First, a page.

May 28, 2019 / 3:34 AM / 22 days ago

China's iron ore extends record streak, but rally falters

* Benchmark iron ore contract jumps as much as 2.8%

* Iron ore stocks at Chinese ports at lowest in 2 years

* 62% iron ore grade for delivery to China at 5-year high

By Enrico Dela Cruz

MANILA, May 28 (Reuters) - Iron ore futures in China hit a fresh record high on Tuesday before the rally lost some steam, as bets continued that there could be a further squeeze in supply of the steelmaking feedstock from Brazil, while domestic demand remained brisk.

Iron ore inventory at Chinese ports has fallen to 127.8 million tonnes, as of May 24, the lowest since early 2017, latest SteelHome consultancy data showed SH-TOT-IRONINV amid limited seaborne arrivals and continued purchases by traders and mills.

The most-traded September 2019 iron ore contract on the Dalian Commodity Exchange rose as much as 2.8% to 774.5 yuan ($112.18) a tonne in early Tuesday trade and was up 1.2%, as of 0243 GMT.

That was the benchmark’s highest since the 2013 launch of Dalian futures trading for one of China’s top imports.

Spot iron ore with 62% fines for delivery to China SH-CCN-IRNOR62 climbed to a five-year peak at $106.50 a tonne on Monday, from Friday’s $103.50 level, according to SteelHome consultancy.

“The iron ore rally is primarily due to the tight supply-demand balance that was further catalyzed by the increased risk of a dam breach at Gongo Soco,” said Richard Lu, senior analyst at CRU consultancy in Beijing.

Miner Vale recently told prosecutors in Brazil’s state of Minas Gerais that a dam was at risk of rupturing at its Gongo Soco mine, about 40 miles from where its Brumadinho dam collapsed in January, killing more than 230 people.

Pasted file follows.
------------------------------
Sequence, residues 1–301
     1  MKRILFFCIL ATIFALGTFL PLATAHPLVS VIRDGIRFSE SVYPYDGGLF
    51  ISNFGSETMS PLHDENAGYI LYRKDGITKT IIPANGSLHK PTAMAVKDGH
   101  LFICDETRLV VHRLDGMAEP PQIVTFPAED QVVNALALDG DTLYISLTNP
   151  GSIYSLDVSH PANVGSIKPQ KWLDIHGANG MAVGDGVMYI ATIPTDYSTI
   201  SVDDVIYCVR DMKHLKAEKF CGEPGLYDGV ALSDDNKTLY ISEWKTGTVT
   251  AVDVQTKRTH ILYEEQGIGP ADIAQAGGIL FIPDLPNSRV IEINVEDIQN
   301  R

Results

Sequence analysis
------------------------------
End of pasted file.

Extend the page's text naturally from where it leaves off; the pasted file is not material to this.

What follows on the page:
The Brumadinho dam disaster and subsequent mine and dam closures in Brazil had prompted Vale, the world’s biggest iron ore miner, to slash its iron ore sales estimate for this year, pushing prices to record highs.

Hopes of an improvement in Vale’s iron ore shipments dimmed after a court recently ordered it to halt operations at its Brucutu iron ore mining complex, reversing a lower court decision that had allowed the mines activities to resume.

“Chinese steel mills are still running their blast furnaces intensively, so demand for iron ore is robust,” Lu said.

Crude steel output from China, the world’s top producer and consumer of the alloy, rose to 85.0 million tonnes in April, up 12.7% from a year ago, figures from the World Steel Association showed on Monday.

Recent iron ore restocking by Chinese buyers had led to a substantial decline in stocks at Chinese ports, pushing up seaborne prices to over $100 a tonne, Lu said.

A weak renminbi versus the U.S. dollar added to the upward momentum in domestic prices of iron ore, he said.

However, while iron ore remains red-hot, prices of other steelmaking raw materials fell further, with coking coal down 1.2% at 1,387 yuan a tonne. Coke slipped 3.3% to 2,233 yuan.

Steel futures also extended their declines. The most-active construction steel rebar contract on the Shanghai Futures Exchange was down 0.8% at 3,846 yuan a tonne.

Hot-rolled coil, used in cars and home appliances, lost 1.4% to 3,659 yuan a tonne.

China is looking to give foreign investors more access to its futures market, a China Securities Regulator Commission official told an industry forum on Tuesday.

($1 = 6.9038 Chinese yuan)

Reporting by Enrico dela Cruz, Editing by Sherry Jacob-Phillips

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